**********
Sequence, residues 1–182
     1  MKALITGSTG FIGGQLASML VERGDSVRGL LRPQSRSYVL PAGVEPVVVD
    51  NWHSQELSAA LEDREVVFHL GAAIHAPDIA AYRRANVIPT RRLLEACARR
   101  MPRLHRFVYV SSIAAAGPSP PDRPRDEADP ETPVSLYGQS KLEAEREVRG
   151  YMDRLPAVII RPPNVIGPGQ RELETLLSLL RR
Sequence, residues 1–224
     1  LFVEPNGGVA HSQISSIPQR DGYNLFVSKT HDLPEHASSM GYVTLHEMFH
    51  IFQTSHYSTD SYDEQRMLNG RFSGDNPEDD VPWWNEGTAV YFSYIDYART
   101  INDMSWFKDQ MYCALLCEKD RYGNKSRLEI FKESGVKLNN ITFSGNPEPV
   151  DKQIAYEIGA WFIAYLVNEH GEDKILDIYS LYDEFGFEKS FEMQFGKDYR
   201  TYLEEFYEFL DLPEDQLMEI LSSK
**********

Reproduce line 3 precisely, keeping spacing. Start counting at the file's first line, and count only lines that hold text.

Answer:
    51  NWHSQELSAA LEDREVVFHL GAAIHAPDIA AYRRANVIPT RRLLEACARR